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John Abercrombie: All About the Sound


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AAJ: "Elvin is, of course, your tribute to drummer Elvin Jones, who's influenced, well, everyone on earth.

JA: Absolutely.

AAJ: I think it has Feldman at his absolute jazziest, great comping from you, and great, great drumming from Joey. It's probably the bluesiest moment on this record, although the theme that bookends it is really poignant, and to me, appropriately Coltrane-like.

JA: Yeah. This is a piano tune. And it started out when I wrote it just like it does on the record. When I wrote it, I wrote this rubato melody with these chords. It's kind of a repetitive melody, and the chords change just a little bit when the melody comes around again the second time, so it's not exactly the same. Then there's sort of a B melody, and then it comes back to the original melody. So when I wrote it, I just played through it, and I loved the sound of the harmony I was getting, and the way the melody was shaping itself.

But then I realized I didn't want to have another rubato ballad! So I came up with this idea for this chord sequence which is based exactly on the chords to the rubato section, but it's played in time, and it's played at a certain tempo. And that's why it's dedicated to Elvin—because the feel of the improvised section is something that, if Elvin had been on this record date, how he would have played time at this tempo. It's a slow enough tempo that Elvin's triplet-induced sort of time feel was really present. When I came up with this chord progression, I could hear him playing it. And that's where the title came from. Not as much from the melody as from the feel of the piece once it goes into time.

AAJ: When I took notes for the interview while listening to the song, I wrote down the phrase, "Elvin-style mid-tempo groove.

JA: Yeah. That's what it is. And I think any musician who hears it, as soon as we go into time and rhythm, would know that instantly. Even if it wasn't called "Elvin, someone would say, "Oh, this sounds like an Elvin slow-tempo triplet-y groove. Yet even though the melody has nothing to do with Elvin, Coltrane used to play a lot of pieces years ago where they would play a rubato type of a melody to state the theme and then the rhythm would come in. This is something I've been doing ever since I heard Coltrane—I wrote tunes where I would do that. There's a piece on one my first quartet records with Richie Beirach that starts completely out of tempo and the melody's stated, and then it comes into time.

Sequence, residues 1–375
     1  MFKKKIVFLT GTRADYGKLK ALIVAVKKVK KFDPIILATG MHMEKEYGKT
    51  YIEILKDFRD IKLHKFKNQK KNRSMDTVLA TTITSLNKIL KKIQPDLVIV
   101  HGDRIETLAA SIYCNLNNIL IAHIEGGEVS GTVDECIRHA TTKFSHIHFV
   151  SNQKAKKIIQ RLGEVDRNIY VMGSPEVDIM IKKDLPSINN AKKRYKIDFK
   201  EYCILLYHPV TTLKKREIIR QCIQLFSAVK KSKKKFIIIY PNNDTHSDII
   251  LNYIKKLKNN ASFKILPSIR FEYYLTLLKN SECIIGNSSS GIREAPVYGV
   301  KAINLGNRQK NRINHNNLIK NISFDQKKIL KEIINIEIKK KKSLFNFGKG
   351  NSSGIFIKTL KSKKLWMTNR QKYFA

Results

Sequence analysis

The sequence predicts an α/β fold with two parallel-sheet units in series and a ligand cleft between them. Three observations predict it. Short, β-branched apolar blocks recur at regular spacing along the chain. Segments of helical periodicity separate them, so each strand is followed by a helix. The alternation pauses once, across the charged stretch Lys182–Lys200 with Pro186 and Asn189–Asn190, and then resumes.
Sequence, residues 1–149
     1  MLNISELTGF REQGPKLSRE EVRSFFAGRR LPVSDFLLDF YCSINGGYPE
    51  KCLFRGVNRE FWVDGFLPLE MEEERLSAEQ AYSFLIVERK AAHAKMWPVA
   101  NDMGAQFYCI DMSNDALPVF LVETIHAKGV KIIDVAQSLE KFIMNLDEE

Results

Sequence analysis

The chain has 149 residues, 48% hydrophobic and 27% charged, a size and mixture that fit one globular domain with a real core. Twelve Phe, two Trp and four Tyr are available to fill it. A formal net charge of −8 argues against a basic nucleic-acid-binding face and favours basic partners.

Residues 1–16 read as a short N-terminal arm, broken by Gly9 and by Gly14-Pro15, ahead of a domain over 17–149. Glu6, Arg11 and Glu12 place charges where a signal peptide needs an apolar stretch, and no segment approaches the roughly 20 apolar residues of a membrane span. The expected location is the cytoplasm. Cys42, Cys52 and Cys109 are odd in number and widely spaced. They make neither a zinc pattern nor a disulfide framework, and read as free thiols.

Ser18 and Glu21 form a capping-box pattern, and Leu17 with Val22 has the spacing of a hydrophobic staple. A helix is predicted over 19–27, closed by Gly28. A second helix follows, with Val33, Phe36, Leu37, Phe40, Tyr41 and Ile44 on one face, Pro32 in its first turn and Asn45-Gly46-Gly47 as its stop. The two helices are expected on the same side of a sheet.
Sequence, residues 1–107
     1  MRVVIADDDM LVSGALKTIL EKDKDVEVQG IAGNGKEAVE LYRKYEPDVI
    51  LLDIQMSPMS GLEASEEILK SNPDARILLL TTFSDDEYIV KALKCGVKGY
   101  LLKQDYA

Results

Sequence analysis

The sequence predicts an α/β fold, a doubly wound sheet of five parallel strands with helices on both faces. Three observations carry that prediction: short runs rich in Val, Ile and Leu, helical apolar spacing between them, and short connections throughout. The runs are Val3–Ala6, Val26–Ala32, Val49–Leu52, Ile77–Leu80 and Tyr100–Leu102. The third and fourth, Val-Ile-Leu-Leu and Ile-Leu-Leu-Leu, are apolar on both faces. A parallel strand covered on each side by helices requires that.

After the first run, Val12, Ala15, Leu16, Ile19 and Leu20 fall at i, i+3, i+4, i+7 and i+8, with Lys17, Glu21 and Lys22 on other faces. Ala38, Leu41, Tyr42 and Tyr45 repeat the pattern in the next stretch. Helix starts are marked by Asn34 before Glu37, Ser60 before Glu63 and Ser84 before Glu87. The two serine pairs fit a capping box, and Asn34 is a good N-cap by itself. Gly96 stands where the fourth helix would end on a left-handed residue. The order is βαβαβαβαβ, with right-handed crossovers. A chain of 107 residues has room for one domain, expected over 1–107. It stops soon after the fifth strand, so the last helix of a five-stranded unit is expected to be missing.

So I was really influenced when I heard some of Coltrane's records, especially Crescent (Impulse!, 1964). That was one of my favorites with the old quartet [of Coltrane, pianist McCoy Tyner, bassist Jimmy Garrison and Elvin Jones]. There were a couple of pieces like that on that one with those sorts of rubato melodies. So I think the whole piece has some of that feel. And it's probably the darkest tune on the record, because the melody and the harmony really are dark. They're not very light-sounding at all.

AAJ: Somehow I think this record needs this song.

JA: I think it does, yeah. I think we needed "Round Trip, "Banshee, and this tune. "Wishing Bell has a nice energy to it, too—it's a little more upbeat. But we needed songs that had this kind of feel, and we needed things where we could just stretch out more. I didn't want to make a record of ballads, and the CD does have kind of a ballad feel even with the up-tempo tunes.

But I did need this tune. This was the only one where I was concerned that maybe ECM wouldn't like it as much, because it didn't fit in as much with the groove of other things I've done for them. But Manfred loved it too. And I had wanted to call it "Elvin originally, and someone else had said, "Oh, no, you can't use the title 'Elvin'—that won't sound good on a record. So I gave it some other name, and later in the studio, when we were coming up with titles, Manfred said, "What is this piece called?